Archive for the ‘SCALE INSECT’ Tag

PEST CONTROL   Leave a comment

1869: Birth of ecology. Most people are unaware that the subdivision of biology called ecology is over a century old. Over the course of its development, ecology has emerged as one of the most significant and studied aspects of biology. Ecology refers to the overall interrelated system of nature and the interdependence of all living things.

The word ecology has been popularized more recently because of the many environmental concerns that have been raised since the 1970s. But as a word, ecology was coined in about 1869 by a German zoologist named Ernst Haeckel. A researcher in evolution and a strong supporter of Charles Darwin’s theories, Haeckel spent most of his career teaching at the University of Jena.

The study of ecology dates back to the ancient Greek philosophers. An associate of Aristotle named Theophrastus first described the relationships between organisms and their environment. Today the field of ecology has expanded beyond narrow biological studies to include environmental pollution, population growth, and food supplies.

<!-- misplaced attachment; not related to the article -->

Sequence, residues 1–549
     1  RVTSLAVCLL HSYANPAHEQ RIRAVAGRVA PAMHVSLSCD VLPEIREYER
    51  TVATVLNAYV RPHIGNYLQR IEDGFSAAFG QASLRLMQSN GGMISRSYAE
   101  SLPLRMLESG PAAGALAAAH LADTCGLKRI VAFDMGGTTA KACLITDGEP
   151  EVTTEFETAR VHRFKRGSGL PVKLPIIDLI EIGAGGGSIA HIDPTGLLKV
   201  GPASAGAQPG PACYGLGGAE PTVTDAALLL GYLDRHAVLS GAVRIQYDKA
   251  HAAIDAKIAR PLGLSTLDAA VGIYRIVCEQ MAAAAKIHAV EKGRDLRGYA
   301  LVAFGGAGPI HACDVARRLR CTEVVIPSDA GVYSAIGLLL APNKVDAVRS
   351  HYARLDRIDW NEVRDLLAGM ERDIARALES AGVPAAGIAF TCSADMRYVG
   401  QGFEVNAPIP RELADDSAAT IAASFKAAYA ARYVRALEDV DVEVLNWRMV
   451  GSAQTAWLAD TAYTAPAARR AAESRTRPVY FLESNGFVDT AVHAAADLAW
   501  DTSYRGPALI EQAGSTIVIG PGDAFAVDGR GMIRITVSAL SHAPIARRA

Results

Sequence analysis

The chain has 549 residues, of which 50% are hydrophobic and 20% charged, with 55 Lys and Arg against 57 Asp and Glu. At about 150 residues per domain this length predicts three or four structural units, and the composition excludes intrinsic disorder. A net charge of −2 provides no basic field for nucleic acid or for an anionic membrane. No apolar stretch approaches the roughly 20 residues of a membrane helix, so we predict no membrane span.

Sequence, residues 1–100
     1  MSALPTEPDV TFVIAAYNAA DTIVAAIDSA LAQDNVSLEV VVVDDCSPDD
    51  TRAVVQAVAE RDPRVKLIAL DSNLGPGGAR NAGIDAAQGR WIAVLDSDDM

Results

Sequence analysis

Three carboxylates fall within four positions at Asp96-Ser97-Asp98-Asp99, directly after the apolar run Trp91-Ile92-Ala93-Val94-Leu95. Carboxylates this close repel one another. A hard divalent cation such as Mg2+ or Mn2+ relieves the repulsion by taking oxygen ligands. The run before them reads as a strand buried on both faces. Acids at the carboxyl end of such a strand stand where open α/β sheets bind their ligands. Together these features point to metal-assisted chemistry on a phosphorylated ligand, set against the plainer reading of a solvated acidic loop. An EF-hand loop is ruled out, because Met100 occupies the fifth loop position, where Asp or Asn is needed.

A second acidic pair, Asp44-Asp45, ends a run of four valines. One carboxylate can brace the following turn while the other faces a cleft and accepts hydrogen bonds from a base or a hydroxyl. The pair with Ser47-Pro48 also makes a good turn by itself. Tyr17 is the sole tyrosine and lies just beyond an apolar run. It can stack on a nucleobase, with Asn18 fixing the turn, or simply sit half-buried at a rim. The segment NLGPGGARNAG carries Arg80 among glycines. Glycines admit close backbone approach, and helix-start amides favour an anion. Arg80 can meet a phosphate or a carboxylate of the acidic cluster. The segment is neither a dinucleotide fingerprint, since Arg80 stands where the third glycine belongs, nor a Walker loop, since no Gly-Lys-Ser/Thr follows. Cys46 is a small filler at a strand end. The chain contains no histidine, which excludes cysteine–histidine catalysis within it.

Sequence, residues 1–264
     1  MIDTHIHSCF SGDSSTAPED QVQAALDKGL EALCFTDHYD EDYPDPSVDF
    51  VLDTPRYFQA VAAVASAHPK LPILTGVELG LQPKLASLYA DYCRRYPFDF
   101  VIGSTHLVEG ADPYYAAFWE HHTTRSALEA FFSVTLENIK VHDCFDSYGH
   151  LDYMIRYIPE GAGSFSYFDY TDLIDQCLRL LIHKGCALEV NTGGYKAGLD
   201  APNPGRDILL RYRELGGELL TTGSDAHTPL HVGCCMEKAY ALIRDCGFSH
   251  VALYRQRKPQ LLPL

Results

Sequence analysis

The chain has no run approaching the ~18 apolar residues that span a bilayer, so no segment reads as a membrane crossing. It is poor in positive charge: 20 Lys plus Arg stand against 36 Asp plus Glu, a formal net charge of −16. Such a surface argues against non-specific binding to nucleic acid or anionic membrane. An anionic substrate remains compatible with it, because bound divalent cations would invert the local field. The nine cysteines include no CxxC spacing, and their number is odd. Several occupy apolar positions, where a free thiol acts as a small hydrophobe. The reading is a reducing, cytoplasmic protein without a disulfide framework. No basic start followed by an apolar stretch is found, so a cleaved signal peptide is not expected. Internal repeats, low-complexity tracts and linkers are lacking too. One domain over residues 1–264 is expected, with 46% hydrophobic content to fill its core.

Organisms considered harmful to humans or their interests are called pests. They include plants or animals that carry disease, cause disease, or destroy crops or structures. The definition of a pest is subjective. An ecologist would not necessarily consider a leaf-eating caterpillar on a corn plant a pest, but a farmer might. The term pest may refer to insects, viruses, and bacteria that carry or cause disease. It may also refer to organisms that destroy crops or man-made structures. Plants, such as weeds or fungi, and vertebrates, such as rats, mice, and birds, are sometimes called pests when they destroy crops or stored foods.

The elimination of pests or the inhibition of their reproduction, development, or migration is known as pest control. The control of pests has a great influence on the world economy. Even with current pest-control measures, agricultural pests are responsible for the annual destruction of millions of acres of crops worldwide. In South east Asia, rodents have been known to destroy as much as 50 percent of a rice crop before it is harvested. In the United States, over 500 million dollars are lost annually to insect and rodent infestation of stored foods and grains.

Some insects are considered pests because they are wood-eaters. They are a threat to wooden structures houses and other buildings, trees, and fences. Several species of ants, bees, and beetles can also damage wooden structures.